For those of us in the reality-based community, it is refreshing to read this analysis of Bush’s shifting message on Iraq from “progress” to avoiding failure. Other politicians are pointing fingers and saying the administration built up expectations and didn’t fully explain the sacrifices that would be necessary.

Christopher F. Gelpi, a Duke University scholar whose research on public opinion in wartime has been influential in the White House, said Bush has little choice.

“He looks foolish and not credible if he says, ‘We’re making progress in Iraq,’ ” Gelpi said. “I think he probably would like to make that argument, but because that’s not credible given the facts on the ground, this is the fallback. . . . If the only thing you can say is ‘Yes, it’s bad, but it could be worse,’ that really is a last-ditch argument.”

As recently as two weeks ago, Bush was still making the case that things in Iraq are better than they seem. The new Iraqi government “has shown remarkable progress on the political front,” he said on Aug. 7, calling its mere existence “quite a remarkable achievement.”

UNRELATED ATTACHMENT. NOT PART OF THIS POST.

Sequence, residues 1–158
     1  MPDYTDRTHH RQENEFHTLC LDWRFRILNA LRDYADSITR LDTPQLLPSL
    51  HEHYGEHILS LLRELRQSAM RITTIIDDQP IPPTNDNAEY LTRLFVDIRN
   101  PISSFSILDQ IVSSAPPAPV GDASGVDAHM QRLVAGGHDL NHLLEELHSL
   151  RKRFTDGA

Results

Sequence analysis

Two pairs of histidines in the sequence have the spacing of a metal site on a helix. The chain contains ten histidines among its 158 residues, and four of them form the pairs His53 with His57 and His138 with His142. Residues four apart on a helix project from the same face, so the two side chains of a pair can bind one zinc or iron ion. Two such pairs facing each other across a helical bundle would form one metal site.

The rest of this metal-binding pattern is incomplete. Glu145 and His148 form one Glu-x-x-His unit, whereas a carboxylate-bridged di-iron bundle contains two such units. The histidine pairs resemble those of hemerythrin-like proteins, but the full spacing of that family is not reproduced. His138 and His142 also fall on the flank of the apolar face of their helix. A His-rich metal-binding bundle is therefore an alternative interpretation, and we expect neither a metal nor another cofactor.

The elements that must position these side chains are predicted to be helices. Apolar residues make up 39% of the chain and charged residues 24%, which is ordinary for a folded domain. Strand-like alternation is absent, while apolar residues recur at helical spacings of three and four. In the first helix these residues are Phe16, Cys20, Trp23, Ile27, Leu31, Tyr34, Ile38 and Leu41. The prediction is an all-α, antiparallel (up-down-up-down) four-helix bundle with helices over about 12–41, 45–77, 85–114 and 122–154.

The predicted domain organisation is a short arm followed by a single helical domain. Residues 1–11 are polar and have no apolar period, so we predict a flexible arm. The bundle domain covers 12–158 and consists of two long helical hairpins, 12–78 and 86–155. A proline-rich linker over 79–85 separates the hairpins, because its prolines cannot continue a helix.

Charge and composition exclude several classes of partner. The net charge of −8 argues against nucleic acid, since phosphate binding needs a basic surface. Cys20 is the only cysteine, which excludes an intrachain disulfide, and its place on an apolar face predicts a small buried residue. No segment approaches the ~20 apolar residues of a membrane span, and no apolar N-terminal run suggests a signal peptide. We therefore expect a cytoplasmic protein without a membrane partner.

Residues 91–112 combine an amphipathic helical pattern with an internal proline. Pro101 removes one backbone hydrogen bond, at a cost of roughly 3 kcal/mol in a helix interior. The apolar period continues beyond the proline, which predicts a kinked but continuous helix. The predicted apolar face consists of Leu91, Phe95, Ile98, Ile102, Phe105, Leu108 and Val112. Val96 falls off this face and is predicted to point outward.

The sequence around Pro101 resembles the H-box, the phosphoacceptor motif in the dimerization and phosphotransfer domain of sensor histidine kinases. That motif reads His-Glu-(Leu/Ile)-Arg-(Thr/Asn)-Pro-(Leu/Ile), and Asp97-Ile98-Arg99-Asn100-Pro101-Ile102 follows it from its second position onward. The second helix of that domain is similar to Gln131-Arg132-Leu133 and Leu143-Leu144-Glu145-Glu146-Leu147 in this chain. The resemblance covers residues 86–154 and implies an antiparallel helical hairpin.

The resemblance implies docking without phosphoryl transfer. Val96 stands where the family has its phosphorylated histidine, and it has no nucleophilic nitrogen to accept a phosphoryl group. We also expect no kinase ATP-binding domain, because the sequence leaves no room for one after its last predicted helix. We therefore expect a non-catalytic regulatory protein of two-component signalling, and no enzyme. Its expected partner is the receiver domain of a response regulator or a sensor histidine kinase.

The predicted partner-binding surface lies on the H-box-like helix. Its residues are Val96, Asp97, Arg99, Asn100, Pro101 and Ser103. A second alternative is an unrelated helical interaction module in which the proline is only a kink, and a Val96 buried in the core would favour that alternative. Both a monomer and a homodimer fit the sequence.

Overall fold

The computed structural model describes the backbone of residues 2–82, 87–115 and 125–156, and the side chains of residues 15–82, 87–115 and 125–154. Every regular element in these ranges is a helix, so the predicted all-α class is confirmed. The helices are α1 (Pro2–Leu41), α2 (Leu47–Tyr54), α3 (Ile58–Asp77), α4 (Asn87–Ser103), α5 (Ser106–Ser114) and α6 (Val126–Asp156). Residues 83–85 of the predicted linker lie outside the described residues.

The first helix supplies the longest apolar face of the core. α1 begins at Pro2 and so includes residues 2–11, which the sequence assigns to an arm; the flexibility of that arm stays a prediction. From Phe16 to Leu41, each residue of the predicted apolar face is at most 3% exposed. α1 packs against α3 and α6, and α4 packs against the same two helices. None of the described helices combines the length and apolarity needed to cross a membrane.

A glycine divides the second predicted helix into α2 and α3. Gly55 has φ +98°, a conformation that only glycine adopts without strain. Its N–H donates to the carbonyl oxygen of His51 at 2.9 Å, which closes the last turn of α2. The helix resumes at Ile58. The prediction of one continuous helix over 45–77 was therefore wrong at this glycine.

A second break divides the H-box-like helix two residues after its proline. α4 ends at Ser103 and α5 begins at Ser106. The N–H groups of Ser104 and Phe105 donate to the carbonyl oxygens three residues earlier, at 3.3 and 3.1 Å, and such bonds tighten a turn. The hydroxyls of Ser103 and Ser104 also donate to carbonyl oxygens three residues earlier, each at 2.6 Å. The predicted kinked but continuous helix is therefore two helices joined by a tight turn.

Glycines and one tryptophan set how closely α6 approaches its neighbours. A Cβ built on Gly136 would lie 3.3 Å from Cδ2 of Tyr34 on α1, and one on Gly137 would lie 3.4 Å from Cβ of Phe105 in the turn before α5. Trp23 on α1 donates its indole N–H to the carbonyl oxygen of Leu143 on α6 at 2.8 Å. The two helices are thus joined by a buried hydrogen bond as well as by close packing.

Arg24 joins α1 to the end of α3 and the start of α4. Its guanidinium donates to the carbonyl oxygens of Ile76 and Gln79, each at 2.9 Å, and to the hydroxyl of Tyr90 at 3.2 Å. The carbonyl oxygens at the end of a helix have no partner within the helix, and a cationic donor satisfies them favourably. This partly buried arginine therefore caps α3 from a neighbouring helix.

Sen. John McCain (R-Ariz.), a strong supporter of the war, suggested this week that the Bush team has only itself to blame for setting unrealistic expectations.

“One of the biggest mistakes we made was underestimating the size of the task and the sacrifices that would be required,” McCain said. ” ‘Stuff happens,’ ‘mission accomplished,’ ‘last throes,’ ‘a few dead-enders.’ I’m just more familiar with those statements than anyone else because it grieves me so much that we had not told the American people how tough and difficult this task would be.”

I feel your pain, McCain. Sen Lindsay Graham even says “I think we missed by a mile how much it would cost to rebuild Iraq.” Really? I couldn’t tell.

Here’s my favorite passage though (emphasis mine):

“I would say [Bush] was deeply concerned about how many lives are being lost, both American and Iraqi, and how much this is costing the American taxpayer,” said Eric Davis, a Rutgers University professor who was among those invited, who urged Bush to launch a New Deal-style economic program in Iraq. “He would like to see progress sooner rather than later.”

Excuse me, a New-Deal style economic program in Iraq? How about we launch that here — in America? For oh, maybe Katrina victims. Or military veterans? Since when are conservatives so desperate and confused that they advocate for progressive programs? When their mistakes start to catch up with their rhetoric and with reality.

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